Libraries are built on a foundation of sharing. They are the places where communities bring together important, unique and valuable resources for the benefit of all. OCLC WorldShare extends those values to allow all members to benefit from the shared data, services and applications contributed by each individual institution.

OCLC WorldShare is more than a new set of services and applications. It is the philosophy and strategy that will guide the cooperative in its efforts to help member libraries operate, innovate, connect, collaborate and succeed at Webscale. WorldCat data provides the foundation for WorldShare services. And WorldCat discovery and delivery applications help connect information seekers to library resources.

While the philosophy is broad, it also includes two very real, very specific sets of resources that can help libraries make the move to Webscale today: the OCLC WorldShare Platform and OCLC WorldShare Management Services.

A platform for cooperative innovation

In a learning community, one person’s breakthrough improves everyone’s experience. With the WorldShare Platform, librarians can now build applications to meet specific needs while benefiting from the innovation of the global community. The WorldShare Platform is a global, interconnected Web architecture that supports OCLC’s Webscale services and applications, and provides flexible, open access to library data through APIs and other Web services.

The WorldShare Platform facilitates collaboration and app-sharing across the library community, so that libraries can combine library-built applications, partner-built applications and OCLC-built applications. This enables the benefits of each single solution to be shared broadly throughout the library community.

Applications are loaded and shared through the OCLC WorldShare App Gallery. This provides a central place for viewing and installing apps into work environments. Information is available on the OCLC Developer Network community site for those interested in helping to create and build new apps to share through the gallery.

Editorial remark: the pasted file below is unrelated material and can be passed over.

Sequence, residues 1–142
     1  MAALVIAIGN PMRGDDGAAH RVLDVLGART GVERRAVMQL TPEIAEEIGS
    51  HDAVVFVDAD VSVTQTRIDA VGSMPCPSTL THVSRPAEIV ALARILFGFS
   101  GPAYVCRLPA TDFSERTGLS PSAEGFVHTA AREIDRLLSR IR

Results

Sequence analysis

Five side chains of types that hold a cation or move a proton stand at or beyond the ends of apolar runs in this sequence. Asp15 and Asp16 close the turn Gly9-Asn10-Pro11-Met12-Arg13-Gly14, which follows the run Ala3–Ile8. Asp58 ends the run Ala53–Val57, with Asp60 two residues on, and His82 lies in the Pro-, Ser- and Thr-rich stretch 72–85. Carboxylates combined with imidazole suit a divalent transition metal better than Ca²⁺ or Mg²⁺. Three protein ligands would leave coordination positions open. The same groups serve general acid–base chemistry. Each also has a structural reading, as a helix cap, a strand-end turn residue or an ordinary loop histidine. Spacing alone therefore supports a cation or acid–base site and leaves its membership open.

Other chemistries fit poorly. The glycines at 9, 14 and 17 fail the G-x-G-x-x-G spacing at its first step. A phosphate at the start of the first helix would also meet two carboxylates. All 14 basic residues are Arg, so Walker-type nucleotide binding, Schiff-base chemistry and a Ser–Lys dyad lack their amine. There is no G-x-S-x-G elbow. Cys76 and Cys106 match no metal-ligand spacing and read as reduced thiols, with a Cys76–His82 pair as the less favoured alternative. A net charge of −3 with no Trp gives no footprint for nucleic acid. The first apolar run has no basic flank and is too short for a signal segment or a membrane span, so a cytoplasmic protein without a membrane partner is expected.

amazon-worldshare

The WorldShare Amazon App takes information about orders from the WorldShare Acquisitions Web service and combines it with pricing and availibility information from Amazon's Advertising API. Librarians can then see pricing and availability for particular materials and choose to purchase them from Amazon via a cart created on the fly.

Managing your library, not your technology

OCLC WorldShare Management Services enable libraries to share infrastructure costs and resources, as well as collaborate in ways that free them from the restrictions of local hardware and software. WorldShare Management Services bring network effects and dramatic efficiencies to managing print, licensed and digital materials—unified collection management in a library system for the first time. Early adopter WorldShare libraries have reported being able to reduce duplicative efforts by a factor of 5-to-1 in some cases.

WorldShare Management Services bring network effects and dramatic efficiencies to managing print, licensed and digital materials—unified collection management in a library system for the first time.

Early adopter WorldShare libraries have reported being able to reduce duplicative efforts by a factor of 5-to-1 in some cases.

WorldShare Management Services include all of the applications to provide a Web-based cooperative library management service for cataloging, acquisitions, license management and circulation, and provide a next-gen discovery experience for library users: